PROVO — Rep. Tom Lantos knows what it is like to be persecuted for his beliefs.

And Lantos, the sole Holocaust survivor to serve as a U.S. congressman, told some 4,644 Brigham Young University graduates Thursday to create a world in which no one feels disenfranchised because of their skin color or religious beliefs.

Lantos, D-California, who was given an honorary doctorate of humane letters from the university owned by The Church of Jesus Christ of Latter-day Saints, said the school is a "remarkably homogenous place."

While such a "shared sense of community is priceless," Lantos says, there "is a danger in being focused on those with the same values and beliefs."

All members of society have a responsibility to reach out and befriend those who don't share the same beliefs, he said.

"As you go out from this magnificent but very sheltered place, you will face a world where many don't share your faith and values," said Lantos, who was 16 when Nazi Germany occupied his native Hungary in 1944.

"Some will be different colors, races, faiths and colors," he said. "But if you always remember they are brothers and sisters, you will reach a level of enlightenment few of us have the privilege of doing."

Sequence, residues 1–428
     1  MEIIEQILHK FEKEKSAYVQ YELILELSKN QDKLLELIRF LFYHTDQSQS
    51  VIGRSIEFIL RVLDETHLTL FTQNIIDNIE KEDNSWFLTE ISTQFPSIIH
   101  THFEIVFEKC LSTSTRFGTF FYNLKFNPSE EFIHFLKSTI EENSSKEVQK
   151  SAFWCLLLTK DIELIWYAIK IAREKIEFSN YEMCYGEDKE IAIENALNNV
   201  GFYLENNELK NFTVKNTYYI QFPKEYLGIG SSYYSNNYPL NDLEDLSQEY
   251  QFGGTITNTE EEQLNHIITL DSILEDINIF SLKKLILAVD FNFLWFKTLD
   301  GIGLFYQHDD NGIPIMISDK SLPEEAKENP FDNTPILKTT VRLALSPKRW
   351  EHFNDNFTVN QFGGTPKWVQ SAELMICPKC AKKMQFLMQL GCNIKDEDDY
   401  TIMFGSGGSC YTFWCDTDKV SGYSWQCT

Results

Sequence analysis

The nine-term Democratic congressman escaped from a labor camp and returned to his home in Budapest. He is one of five Holocaust survivors featured in Steven Spielberg's Academy Award-winning documentary, "The Last Days."

In addition to Lantos' honor, BYU also gave honorary doctorates to LDS Church Elder Joseph B. Wirthlin and former Salt Lake Tribune publisher J.W. "Jack" Gallivan.

Lloyd D. George, a Nevada federal judge and BYU alumnus, received a Presidential Citation during the 4 p.m. exercises in the Marriott Center.

Graduates will receive degrees at convocation ceremonies today.

Elder Wirthlin, who has been an apostle of the church since 1986, advised graduates to work hard, serve neighbors willingly and remain faithful to the church's teachings.

"Whatever your honorable work may be, give it the best that is in you. Let your name always be associated with diligent effort and uncompromising quality," he said.

"Even when there appears to be no reward. Even when it appears no one is watching. If you give the best of yourself to your labors, you will be rewarded tenfold."

BYU President Merrill J. Bateman also urged graduates to remain committed to faith, family and community.

"The world has a shortage of intact, quality families where husbands and wives, fathers and mothers and children find love, peace and safety from the storm of life," he said.

"I challenge you to become a positive influence in the community in which you choose to live."


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